A year on from Redbait’s debut EP ‘Red Tape’, their follow-up release ‘Cages’ presents the St. Louis hardcore band in an especially confronting mood. Given the state of the world at the time of release that’s hardly surprising, but even so, the EP’s opening number ‘Capital Gains’ is particularly sharp and aggressive even by their previous standards. In a seventy five second howl of rage, the band move through several aggressive styles, each one clearly showing a band that’s not to be messed with…and certainly not about to take things lying down. A huge buzz of bass feedback instantly signifies something great is afoot and within seconds, the track explodes into a slab of crust-punk fury with a message that’s particularly pointed as the band calls for a “working class liberation” for “all ages, all races, all genders and all wage earners”. This is hard to gauge without a trusty lyric sheet, of course, but between a furious vocal performance that mixes hardcore shouts and black metal inflections seamlessly, a brief instrumental breakdown leaning towards more of a metal sound and a huge climax featuring male and female voices absolutely screeching, this is a powerful opening statement for fans and first-timers alike.
On this EP, Israel’s Nihilistic Legion shows how much noise a one-man band can make. Playing absolutely everything, the mysteriously named Tohu fuses classic death metal sounds with a touches of grindcore and other extremities to create something incredibly forceful. The five songs – four originals and one cover – shows off an artist whom has utter conviction in his art, but production wise, these tracks aren’t necessarily shown at their best. In fact, the chosen mix is so claustrophobic and abrasive in places, it can be rather hard to pick out the finer points of the sound. It doesn’t make for especially easy listening…but maybe that’s deliberate.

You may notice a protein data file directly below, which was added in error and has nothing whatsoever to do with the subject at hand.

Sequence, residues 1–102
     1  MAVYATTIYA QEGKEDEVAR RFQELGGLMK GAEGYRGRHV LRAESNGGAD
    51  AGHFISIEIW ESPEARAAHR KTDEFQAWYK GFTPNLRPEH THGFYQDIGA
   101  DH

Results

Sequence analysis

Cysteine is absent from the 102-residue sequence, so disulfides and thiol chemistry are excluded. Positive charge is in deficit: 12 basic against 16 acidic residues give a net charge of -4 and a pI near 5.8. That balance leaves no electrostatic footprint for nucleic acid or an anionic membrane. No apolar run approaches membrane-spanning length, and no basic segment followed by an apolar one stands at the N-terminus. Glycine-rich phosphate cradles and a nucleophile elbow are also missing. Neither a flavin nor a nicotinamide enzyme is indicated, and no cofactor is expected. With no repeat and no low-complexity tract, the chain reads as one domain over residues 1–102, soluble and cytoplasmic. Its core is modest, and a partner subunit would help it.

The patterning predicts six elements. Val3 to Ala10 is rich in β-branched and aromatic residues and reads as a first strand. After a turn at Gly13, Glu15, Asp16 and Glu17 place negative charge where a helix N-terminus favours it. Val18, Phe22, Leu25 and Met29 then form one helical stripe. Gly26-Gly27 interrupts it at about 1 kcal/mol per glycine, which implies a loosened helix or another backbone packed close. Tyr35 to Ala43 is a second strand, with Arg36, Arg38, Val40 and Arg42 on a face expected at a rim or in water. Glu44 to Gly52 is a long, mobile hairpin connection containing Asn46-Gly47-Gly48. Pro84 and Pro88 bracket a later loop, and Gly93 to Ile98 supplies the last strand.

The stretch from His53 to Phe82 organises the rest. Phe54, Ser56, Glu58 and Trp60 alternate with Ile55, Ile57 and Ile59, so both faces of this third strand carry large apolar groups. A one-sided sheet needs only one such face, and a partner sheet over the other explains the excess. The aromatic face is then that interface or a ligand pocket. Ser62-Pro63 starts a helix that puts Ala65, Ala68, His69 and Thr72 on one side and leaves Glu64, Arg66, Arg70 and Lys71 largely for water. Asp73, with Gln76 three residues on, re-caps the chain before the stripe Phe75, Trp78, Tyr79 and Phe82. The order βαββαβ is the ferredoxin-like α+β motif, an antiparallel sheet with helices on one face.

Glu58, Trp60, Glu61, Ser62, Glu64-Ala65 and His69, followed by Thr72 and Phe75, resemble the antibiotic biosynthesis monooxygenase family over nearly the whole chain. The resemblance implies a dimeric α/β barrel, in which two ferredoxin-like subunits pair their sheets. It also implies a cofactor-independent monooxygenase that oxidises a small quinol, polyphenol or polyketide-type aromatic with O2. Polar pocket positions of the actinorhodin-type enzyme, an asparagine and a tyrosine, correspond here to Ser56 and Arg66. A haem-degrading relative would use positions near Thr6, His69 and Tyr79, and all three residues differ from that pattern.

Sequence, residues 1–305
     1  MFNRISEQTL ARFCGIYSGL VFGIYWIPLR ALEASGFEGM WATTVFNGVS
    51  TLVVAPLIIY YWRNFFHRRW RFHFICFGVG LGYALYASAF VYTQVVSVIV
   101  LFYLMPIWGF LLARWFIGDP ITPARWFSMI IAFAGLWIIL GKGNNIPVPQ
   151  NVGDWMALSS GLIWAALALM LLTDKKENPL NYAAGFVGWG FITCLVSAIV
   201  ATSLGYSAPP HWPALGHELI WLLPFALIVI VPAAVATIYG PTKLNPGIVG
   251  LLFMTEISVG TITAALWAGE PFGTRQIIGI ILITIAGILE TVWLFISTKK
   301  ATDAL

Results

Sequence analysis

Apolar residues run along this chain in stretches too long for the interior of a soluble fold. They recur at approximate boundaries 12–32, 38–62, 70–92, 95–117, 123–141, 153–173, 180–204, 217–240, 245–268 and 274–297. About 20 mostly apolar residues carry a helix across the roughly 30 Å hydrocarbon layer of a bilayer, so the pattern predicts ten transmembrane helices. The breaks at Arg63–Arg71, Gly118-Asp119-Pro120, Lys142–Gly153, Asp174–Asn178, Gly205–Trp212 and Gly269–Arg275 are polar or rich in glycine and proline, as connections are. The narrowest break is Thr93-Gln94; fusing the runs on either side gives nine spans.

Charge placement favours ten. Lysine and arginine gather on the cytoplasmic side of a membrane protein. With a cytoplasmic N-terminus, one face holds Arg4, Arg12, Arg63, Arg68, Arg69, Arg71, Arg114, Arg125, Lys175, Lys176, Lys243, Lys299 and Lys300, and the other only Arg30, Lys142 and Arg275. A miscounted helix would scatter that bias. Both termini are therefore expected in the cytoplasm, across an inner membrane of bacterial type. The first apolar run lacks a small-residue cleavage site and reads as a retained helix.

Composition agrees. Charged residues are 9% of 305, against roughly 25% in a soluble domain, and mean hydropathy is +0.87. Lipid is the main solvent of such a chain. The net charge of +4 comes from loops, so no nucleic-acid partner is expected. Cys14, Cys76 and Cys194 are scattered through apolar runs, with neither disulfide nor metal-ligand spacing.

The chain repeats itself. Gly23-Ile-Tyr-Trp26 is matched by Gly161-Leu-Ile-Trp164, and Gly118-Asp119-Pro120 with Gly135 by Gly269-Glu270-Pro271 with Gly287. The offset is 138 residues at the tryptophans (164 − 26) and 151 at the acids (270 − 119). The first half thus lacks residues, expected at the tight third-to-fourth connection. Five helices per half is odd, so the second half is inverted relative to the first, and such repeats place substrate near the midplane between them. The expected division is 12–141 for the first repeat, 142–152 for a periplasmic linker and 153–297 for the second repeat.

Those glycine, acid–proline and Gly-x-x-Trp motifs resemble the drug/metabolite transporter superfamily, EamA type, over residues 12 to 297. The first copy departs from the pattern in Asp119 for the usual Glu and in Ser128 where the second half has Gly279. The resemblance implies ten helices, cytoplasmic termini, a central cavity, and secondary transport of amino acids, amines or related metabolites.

Back in 1986 when the seeds of grindcore were sown, it seemed to take extreme music to a whole new level. Often with a raw sound and fairly low budget, the fusion of extreme thrash metal and blistering punk sounds in the hands of bands like Napalm Death and Extreme Noise Terror created something almost beyond music – a form of short and sharp brutality that was utterly visceral. For something that seemed so niche, grindcore flourished with scenes popping up all over the globe. With bands like NAILS keeping it alive in the twenty first century, almost thirty years on from Napalm Death’s genre-defining ‘Scum’, it couldn’t just be written off as a novelty.
Greek grinders EDxKEMPER are absolutely devastating on their 2016 release ‘Cut Her Head and Love Her’, as they mix the brief bursts of noise from those genre pioneers with more of a crust punk aspect and some extreme metal heaviness for good measure. What’s perhaps most impressive here – without anything resembling actual songs – are the production values. Whereas you might expect something of this nature to hang on to some fairly primitive origins – much in the way an early Crass record could be seen as a snapshot of an afternoon – the production/mix on this disc is stunning.
Death metal is never easy listening, but it often comes with varying degrees of accessibility and with the best stuff you can always tell where the talent is. This album from Ligature Wound goes firmly against the grain, pushes all the dials into the red and never cares about allowing any kind of melodies – no matter how obtuse – get in the way of the band’s musical art. For it must be considered a kind of performance art, as it’s hard to believe that there will be people out there who’d have enough patience to tackle this debut willingly.
A release co-masterminded by two independent labels – Russia’s Symbol of Domination and Costa Rica’s Cavan (the latter still very much in its fledgling stages) – ‘Bringers of Delusion’ brings together tracks from two Central American underground metal bands. Both from Costa Rica, Assailant and Ubiquitous Realities appear at different ends of the heavy spectrum, thus making this disc very much an experience of two halves.